Emeriting Editing Technologies Blurs the Lines Between Real and Fake


The image is modest, belying the historic import of the moment. A woman on a white sand beach gazes at a distant island as waves lap at her feet — the scene is titled simply “Jennifer in Paradise.”


This picture snapped by an Industrial Light and Magic employee named John Knoll while on vacation in 1987, would become the first image to be scanned and digitally altered. When Photoshop was introduced by Adobe Systems three years later, the visual world would never be the same. Today, prepackaged tools allow nearly anyone to make a sunset pop, trim five pounds or just put celebrity faces on animals.

Though audiences have become more attuned to the little things that give away a digitally manipulated image — suspiciously curved lines, missing shadows and odd halos — we’re approaching a day when editing technology may become too sophisticated for human eyes to detect. What’s more, it’s not just images either — audio and video editing software, some backed by artificial intelligence, are getting good enough to surreptitiously rewrite the mediums we rely on for accurate information.

The most crucial aspect of all of this is that it’s getting easier. Sure, Photoshop pros have been able to create convincing fakes for years, and special effects studios can bring lightsabers and transformers to life, but computer algorithms are beginning to shoulder more and more of the load, drastically reducing the skills necessary to pull such deceptions off.

In a world where smartphone videos act as a bulwark against police violence and relay stark footage of chemical weapons strikes, the implications of simple, believable image and video manipulation technologies have become more serious. It's not just pictured anymore — technology is beginning to allow us to edit the world.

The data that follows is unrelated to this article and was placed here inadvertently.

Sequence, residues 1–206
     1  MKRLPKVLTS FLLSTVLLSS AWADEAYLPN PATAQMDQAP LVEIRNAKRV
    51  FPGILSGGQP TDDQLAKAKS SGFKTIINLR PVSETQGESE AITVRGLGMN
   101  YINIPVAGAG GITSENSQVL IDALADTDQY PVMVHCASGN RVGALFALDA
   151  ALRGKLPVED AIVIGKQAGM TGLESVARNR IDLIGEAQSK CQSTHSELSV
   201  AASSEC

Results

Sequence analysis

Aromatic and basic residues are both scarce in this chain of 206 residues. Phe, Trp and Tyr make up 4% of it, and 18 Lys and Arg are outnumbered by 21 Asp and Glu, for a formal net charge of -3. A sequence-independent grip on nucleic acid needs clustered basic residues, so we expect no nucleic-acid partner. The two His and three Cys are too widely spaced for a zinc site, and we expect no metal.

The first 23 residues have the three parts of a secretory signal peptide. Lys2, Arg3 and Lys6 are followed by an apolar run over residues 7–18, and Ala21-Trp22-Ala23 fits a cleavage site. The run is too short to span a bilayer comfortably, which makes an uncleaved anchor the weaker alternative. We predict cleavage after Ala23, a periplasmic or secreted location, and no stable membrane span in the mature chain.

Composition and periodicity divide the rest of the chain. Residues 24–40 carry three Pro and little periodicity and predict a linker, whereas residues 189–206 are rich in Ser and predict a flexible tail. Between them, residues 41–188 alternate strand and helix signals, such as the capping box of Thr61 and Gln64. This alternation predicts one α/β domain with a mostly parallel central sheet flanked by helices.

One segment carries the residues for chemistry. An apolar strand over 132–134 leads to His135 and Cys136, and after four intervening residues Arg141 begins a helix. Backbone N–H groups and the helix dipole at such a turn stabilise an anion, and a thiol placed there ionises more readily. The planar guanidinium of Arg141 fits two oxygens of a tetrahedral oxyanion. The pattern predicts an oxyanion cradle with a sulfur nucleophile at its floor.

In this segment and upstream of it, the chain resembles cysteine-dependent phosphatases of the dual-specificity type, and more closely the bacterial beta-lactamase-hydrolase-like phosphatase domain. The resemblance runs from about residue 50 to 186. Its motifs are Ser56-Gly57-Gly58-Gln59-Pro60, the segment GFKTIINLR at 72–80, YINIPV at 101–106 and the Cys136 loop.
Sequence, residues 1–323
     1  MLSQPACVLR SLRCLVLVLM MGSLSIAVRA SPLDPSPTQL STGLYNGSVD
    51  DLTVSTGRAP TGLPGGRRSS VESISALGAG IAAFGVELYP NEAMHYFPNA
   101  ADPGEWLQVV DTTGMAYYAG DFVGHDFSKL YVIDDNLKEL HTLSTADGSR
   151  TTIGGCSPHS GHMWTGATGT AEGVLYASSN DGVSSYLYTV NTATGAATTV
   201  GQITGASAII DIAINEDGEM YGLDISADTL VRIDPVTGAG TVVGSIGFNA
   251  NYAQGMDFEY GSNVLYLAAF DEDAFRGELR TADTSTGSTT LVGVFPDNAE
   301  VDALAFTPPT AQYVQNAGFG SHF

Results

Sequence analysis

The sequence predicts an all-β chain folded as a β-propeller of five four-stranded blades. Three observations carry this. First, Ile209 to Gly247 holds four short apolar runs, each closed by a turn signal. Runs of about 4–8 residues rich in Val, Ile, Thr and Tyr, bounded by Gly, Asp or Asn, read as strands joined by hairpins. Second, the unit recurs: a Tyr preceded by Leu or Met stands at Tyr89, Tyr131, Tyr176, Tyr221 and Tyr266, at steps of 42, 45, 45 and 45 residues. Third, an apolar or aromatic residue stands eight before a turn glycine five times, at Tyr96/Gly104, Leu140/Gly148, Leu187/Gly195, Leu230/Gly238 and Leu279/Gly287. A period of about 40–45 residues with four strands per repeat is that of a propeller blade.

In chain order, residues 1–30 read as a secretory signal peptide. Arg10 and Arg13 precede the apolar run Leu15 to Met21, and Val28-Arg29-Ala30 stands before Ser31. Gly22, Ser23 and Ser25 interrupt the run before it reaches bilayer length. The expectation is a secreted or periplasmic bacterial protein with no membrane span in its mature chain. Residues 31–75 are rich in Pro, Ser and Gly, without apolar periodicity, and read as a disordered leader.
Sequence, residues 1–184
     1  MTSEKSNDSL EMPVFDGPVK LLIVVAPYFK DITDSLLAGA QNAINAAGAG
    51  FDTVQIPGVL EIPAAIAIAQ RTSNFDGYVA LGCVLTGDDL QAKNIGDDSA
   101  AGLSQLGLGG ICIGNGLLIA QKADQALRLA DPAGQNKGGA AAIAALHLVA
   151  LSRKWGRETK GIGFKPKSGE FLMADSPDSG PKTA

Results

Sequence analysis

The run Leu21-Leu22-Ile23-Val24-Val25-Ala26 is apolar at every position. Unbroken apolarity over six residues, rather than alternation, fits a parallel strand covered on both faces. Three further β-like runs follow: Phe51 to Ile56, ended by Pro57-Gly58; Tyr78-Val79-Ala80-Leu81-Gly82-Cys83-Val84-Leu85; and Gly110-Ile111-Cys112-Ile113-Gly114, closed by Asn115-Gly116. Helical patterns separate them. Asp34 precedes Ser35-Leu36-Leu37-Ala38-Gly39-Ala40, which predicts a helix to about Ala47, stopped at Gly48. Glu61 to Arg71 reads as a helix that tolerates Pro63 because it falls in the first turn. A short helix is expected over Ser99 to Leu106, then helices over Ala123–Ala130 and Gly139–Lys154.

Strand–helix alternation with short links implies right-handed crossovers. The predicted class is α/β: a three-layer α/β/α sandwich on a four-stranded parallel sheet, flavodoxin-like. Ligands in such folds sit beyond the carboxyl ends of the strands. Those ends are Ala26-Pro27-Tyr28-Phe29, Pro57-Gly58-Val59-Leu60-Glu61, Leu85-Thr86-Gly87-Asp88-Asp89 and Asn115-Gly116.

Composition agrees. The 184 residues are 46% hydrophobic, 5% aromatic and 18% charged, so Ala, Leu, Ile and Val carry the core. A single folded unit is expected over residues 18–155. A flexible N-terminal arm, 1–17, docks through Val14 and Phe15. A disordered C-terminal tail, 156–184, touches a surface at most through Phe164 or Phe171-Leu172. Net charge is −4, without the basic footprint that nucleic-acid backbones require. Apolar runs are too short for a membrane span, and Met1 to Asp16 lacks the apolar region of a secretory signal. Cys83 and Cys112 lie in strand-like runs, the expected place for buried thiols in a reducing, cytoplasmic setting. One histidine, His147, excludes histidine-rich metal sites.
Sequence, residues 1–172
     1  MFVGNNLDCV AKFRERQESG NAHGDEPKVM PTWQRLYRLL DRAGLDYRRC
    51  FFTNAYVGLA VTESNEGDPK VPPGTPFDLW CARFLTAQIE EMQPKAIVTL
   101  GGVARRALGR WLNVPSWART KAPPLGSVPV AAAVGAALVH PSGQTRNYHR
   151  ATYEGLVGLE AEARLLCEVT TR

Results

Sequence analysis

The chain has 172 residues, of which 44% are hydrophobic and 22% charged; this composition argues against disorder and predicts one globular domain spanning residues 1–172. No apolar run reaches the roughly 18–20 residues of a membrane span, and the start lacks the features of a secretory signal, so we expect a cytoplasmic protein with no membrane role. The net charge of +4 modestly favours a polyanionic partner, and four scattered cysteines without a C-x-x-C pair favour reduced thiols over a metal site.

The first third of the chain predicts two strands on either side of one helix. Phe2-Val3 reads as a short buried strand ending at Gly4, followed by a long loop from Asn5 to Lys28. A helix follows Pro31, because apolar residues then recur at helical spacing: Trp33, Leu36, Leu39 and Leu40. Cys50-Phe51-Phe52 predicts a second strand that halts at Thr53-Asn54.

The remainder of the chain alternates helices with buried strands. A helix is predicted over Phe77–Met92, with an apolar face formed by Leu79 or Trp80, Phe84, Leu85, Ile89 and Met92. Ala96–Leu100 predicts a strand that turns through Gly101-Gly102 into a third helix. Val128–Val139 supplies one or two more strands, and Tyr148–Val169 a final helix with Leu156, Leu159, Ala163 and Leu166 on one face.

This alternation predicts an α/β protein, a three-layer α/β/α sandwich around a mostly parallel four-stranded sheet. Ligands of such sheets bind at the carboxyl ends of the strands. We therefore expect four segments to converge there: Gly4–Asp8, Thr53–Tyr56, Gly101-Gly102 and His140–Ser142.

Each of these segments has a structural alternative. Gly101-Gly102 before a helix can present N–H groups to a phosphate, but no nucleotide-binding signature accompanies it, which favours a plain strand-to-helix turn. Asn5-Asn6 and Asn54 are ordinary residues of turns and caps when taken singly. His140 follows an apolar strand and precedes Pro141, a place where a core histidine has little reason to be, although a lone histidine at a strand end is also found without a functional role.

It Begins With Pictures

A slew of projects, many in partnership with Adobe, are bringing intricate still image editing into the hands of amateurs. It’s easy to learn how to cut and paste in Photoshop or add simple elements, but these programs take it a step further.

One project from Brown University lets users change the weather in their photos, adding in rain, sunshine or changing seasons, with a machine learning algorithm. Trained on thousands of data points, the program breaks images into minute parts and edits each accordingly to make adjustments in lighting and texture that correspond to changing conditions.

Another project, this time from University of California, Berkeley, allows users to manipulate images wholesale, either with a set of simple tools and sliders or simply by drawing basic figures and letting the algorithm fill in the rest. The demo video shows one type of shoe morphing into another and mountains appearing from a simple line drawing. The program requires little more than basic computer skills.
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